Cosmogenic dating techniques
In the case of an extrusive volcanic rock, buildup of cosmogenic nuclides begins when the rock is erupted, so measurement of the ratio of a cosmogenic isotope to a non-cosmogenic isotope can provide an estimate of eruption age (Phillips et al., 1986).
The chlorine-36 method (Phillips et al., 1986) is based on the fact that 36-Cl is dominantly produced by cosmogenic reactions near the earth's surface, primarily in the upper 1 m.
| Using cosmogenic nuclides in glacial geology | Sampling strategies cosmogenic nuclide dating | Difficulties in cosmogenic nuclide dating | Calculating an exposure age | Further Reading | References | Comments | Cosmogenic nuclide dating can be used to determine rates of ice-sheet thinning and recession, the ages of moraines, and the age of glacially eroded bedrock surfaces.
Cosmogenic nuclide dating uses the interactions between cosmic rays and nuclides in glacially transported boulders or glacially eroded bedrock to provide age estimates for rock at the Earth’s surface.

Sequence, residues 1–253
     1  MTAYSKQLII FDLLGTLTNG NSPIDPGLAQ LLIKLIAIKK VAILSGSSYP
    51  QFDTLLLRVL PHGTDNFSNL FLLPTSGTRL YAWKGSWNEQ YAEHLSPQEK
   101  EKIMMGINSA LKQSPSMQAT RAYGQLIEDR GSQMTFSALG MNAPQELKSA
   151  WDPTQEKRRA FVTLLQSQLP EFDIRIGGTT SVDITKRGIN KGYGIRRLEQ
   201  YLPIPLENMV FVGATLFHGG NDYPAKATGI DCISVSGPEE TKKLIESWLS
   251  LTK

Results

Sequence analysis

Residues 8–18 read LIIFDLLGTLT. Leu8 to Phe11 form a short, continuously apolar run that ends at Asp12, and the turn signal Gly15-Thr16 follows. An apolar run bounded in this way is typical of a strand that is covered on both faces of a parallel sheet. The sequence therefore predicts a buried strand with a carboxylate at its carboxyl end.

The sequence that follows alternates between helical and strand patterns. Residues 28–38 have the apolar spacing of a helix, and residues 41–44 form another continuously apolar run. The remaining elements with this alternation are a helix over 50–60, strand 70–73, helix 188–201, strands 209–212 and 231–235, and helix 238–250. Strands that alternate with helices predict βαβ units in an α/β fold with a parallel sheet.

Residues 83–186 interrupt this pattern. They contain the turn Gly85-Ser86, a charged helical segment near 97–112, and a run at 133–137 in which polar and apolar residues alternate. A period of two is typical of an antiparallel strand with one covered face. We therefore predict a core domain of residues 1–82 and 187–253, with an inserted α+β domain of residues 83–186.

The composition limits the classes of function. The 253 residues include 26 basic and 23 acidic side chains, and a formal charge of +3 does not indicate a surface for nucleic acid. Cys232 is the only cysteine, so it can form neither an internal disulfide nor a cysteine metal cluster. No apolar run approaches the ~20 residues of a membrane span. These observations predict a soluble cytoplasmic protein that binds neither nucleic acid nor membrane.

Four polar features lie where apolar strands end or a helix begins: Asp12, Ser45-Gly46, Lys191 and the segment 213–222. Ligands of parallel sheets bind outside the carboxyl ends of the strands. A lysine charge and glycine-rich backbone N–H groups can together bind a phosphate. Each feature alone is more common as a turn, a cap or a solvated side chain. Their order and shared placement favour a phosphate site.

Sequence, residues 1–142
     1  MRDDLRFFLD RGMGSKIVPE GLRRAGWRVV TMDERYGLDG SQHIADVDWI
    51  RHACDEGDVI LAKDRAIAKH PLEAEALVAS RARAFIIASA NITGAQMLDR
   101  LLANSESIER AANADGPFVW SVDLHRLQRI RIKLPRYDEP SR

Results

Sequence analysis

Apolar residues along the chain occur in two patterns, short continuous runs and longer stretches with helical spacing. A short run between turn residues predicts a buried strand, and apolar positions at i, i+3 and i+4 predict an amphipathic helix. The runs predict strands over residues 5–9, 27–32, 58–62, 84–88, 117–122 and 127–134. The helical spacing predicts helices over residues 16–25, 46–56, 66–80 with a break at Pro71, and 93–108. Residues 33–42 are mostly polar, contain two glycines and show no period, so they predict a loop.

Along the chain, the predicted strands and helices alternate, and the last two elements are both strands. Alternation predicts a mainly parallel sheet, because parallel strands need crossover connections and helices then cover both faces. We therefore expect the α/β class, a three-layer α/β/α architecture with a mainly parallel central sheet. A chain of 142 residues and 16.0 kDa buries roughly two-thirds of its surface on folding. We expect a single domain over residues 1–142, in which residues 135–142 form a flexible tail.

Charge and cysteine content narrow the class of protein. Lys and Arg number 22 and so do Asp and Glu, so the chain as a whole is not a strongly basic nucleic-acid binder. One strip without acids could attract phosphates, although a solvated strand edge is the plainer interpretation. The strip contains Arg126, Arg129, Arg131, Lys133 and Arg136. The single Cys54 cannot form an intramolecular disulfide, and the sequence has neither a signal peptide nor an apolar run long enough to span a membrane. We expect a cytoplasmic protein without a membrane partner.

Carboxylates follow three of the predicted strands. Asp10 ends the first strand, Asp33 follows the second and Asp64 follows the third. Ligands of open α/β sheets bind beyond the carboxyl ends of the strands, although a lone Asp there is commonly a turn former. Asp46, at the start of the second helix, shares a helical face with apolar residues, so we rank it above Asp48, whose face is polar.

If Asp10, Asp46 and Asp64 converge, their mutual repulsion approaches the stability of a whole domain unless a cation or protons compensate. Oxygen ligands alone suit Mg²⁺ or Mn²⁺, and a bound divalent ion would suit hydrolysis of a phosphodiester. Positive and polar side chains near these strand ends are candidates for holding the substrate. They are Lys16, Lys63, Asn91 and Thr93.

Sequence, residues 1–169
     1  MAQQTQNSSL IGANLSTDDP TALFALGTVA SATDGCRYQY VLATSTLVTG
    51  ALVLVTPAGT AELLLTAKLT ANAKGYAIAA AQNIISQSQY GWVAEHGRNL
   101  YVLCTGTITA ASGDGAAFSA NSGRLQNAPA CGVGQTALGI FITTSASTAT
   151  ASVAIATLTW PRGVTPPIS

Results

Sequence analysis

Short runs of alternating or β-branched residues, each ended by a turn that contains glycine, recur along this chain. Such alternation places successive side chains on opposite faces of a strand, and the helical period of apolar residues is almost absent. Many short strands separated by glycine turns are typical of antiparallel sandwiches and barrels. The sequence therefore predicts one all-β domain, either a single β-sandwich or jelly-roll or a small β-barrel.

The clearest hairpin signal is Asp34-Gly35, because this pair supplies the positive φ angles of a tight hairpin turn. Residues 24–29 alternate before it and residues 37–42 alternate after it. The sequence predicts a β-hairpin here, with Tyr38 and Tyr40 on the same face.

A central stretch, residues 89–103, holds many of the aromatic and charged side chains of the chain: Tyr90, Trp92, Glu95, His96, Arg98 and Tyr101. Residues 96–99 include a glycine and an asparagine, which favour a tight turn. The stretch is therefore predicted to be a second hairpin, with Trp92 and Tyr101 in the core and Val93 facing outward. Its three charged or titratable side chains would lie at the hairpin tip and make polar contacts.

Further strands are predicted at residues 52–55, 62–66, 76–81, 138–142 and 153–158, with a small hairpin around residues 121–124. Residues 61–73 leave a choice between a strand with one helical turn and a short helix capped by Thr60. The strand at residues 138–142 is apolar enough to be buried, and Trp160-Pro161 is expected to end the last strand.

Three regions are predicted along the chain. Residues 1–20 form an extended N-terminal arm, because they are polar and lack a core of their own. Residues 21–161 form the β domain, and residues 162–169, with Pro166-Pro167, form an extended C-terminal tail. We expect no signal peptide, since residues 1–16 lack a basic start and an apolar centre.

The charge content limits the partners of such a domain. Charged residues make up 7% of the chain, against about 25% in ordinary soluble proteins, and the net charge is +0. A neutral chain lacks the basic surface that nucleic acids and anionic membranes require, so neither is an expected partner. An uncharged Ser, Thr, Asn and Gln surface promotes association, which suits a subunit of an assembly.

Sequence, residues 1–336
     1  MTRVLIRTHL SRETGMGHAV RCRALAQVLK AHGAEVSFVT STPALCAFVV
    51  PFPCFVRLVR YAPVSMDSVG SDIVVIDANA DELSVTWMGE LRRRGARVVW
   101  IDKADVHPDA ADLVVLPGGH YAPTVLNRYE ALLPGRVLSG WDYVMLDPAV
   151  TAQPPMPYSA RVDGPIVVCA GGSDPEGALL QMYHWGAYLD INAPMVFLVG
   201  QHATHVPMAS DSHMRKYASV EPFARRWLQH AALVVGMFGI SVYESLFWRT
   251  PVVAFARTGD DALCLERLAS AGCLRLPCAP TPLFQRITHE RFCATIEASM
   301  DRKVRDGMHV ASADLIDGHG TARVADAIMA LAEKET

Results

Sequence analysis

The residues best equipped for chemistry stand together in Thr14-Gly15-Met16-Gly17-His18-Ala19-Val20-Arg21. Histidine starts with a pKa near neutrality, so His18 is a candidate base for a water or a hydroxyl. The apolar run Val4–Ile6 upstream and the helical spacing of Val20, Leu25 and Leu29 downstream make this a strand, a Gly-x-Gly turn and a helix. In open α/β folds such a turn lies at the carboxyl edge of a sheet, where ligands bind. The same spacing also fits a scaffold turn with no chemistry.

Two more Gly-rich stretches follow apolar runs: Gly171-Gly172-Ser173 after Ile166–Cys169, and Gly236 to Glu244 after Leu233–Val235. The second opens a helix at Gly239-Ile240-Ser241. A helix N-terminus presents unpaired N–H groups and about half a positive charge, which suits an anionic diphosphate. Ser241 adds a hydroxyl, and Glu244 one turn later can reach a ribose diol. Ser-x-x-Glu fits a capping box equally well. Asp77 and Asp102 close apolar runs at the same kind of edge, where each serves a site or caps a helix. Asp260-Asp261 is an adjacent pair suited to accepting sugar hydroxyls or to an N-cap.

of an exposed rock, as compared to a very small amount of production in the deeper subsurface.
Chlorine-36 is produced in rocks at the earth's surface almost entirely by cosmic-ray-induced reactions. PHILLIPS, 1994, 36-Cl surface exposure determinations of eruption ages for quaternary lava flows of the Zuni-Bandera volcanic field: New Mexico Geology, v.
Cartoon illustrating cosmogenic nuclide exposure ages. A glacier transports an erratic boulder, and then recedes, exposing it to cosmic rays.
Spallation reactions occur in minerals in the rocks upon bombardment by cosmic rays.
Cosmic rays are attenuated by interaction with the earth's magnetosphere and atmosphere, so the production of 36-Cl is dependent on the latitude and elevation at which the sample was collected.
Dating sediment burial over million-year time scales is crucial in many areas of the Earth sciences and archeology, but is often difficult using traditional techniques.
Sediment burial can be dated by the radioactive decay of cosmogenic nuclides, provided that the sediment was exposed to cosmic rays prior to burial.
These properties have allowed us to create an environment that directly supports the tasks that geoscientists perform as they work on developing new algorithms for cosmogenic dating, such as running calibrations, defining new experiments, and evaluating the impacts of scaling factors on the calculated ages of samples.
Our goal is to provide geoscientists using cosmogenic dating methods with a flexible and powerful software infrastructure upon which to base their future research efforts.